à vs de

TomA1Kwiziq community member

à vs de

when writing about being somewhere, when do you use à and when do you use de? 

Asked 2 months ago
MaartenC1 Kwiziq Q&A super contributor Correct answer

Tom, 

the attached lesson is the one you want and is referenced in the lesson you have linked. 

 À = To/in and De = From/of with cities in French (French Prepositions of Location)

TomA1Kwiziq community member

thank you! i meant more so with places such as you use de when talking about le marche, but a for la plage- is it because marché is masculin but plage is feminine? 

MaartenC1 Kwiziq Q&A super contributor

Tom, 

I think you may be referring to the contraction of ‘ (à le) marché ‘ to ‘ au marché ‘, and of ‘ (de le) marché ‘ to ‘ du marché’ ? If so, yes, contraction occurs only with le or les, not with l’ or la. That is, contraction only occurs with masculine nouns that do not start with a vowel or h muët, or plural nouns, preceded by a definite article, le or les.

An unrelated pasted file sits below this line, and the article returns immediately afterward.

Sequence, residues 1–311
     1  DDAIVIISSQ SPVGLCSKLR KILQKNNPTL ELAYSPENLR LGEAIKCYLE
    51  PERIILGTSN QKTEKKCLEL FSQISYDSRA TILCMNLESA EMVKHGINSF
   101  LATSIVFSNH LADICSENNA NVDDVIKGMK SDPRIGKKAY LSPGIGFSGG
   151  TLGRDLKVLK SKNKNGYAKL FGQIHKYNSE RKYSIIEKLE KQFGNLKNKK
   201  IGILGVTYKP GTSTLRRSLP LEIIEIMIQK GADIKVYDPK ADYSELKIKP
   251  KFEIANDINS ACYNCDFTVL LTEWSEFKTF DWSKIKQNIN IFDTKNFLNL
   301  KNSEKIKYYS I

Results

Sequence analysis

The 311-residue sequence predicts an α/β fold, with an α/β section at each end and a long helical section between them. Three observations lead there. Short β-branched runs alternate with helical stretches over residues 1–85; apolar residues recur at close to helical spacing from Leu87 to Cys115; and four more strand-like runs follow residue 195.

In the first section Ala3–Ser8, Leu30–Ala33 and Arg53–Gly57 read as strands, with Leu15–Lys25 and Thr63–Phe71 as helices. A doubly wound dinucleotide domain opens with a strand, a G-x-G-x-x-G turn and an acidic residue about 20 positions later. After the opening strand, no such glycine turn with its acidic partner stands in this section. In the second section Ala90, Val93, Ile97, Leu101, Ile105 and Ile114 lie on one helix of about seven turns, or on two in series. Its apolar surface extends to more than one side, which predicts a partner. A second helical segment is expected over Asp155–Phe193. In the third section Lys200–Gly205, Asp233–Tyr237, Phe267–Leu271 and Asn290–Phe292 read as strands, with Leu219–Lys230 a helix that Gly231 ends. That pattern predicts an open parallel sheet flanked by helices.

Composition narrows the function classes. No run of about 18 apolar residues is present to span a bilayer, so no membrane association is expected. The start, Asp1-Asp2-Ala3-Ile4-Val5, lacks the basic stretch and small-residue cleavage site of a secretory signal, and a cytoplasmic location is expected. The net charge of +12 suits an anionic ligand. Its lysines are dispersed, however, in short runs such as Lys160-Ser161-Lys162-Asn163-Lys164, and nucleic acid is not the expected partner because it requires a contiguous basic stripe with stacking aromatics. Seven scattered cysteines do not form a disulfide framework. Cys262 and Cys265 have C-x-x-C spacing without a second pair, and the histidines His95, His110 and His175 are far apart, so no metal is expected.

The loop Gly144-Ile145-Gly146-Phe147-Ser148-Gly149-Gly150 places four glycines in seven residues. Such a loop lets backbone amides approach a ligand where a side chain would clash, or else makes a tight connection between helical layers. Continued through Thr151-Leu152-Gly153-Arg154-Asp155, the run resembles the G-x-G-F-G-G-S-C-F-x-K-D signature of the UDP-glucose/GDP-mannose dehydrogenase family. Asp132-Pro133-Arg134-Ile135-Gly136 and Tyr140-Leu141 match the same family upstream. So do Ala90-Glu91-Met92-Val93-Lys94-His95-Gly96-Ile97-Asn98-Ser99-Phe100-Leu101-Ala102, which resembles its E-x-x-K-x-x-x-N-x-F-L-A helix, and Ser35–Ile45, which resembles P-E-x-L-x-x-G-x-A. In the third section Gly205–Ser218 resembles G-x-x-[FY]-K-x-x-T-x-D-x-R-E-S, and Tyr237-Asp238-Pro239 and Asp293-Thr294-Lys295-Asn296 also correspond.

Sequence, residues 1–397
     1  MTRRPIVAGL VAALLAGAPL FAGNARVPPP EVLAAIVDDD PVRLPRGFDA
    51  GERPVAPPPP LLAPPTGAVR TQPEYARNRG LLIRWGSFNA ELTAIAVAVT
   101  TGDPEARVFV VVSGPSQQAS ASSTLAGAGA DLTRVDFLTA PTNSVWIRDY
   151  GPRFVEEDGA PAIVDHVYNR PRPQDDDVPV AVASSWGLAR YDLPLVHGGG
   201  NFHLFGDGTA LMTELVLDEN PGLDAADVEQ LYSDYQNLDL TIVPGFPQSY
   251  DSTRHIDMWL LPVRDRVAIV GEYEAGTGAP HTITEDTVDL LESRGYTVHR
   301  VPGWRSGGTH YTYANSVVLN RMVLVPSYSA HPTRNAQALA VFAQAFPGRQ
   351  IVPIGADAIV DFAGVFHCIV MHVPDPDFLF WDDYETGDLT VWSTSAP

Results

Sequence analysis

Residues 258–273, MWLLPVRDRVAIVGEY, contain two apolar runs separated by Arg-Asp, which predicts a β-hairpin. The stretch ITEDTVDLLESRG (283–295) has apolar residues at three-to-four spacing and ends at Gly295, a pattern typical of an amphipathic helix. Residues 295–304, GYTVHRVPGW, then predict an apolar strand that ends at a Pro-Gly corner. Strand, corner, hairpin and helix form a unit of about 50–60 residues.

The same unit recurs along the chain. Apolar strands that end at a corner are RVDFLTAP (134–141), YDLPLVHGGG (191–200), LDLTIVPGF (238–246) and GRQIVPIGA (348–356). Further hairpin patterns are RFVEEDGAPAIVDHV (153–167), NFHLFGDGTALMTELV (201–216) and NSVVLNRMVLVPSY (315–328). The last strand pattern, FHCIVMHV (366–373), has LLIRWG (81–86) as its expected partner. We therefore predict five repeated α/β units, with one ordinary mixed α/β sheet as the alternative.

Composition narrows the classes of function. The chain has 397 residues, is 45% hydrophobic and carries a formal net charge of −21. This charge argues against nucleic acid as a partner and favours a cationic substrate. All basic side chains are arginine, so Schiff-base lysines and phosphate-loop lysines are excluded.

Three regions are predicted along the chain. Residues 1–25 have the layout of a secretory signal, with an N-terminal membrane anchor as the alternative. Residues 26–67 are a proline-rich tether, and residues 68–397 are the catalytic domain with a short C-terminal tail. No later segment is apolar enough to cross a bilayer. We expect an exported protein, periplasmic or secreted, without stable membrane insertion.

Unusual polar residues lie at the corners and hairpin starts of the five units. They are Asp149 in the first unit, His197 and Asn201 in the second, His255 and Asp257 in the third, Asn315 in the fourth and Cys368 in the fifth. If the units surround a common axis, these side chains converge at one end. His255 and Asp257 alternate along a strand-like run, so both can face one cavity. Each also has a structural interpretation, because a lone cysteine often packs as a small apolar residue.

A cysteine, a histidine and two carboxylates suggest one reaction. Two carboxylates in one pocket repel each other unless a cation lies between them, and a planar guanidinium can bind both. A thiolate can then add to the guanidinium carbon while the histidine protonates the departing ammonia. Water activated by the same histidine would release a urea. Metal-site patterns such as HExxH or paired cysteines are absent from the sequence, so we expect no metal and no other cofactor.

Most cities do not have a definite article in their name, and do not take a definite article grammatically, so contraction is not an issue with them. See the note in the lesson about Le Havre as an example of one of the exceptions. 

Hope this addresses your question - if not, expand further and will try to clarify.

 Definite articles contract with à and de in French (French Contracted Articles)

 À = To/in and De = From/of with cities in French (French Prepositions of Location)

à vs de

when writing about being somewhere, when do you use à and when do you use de? 

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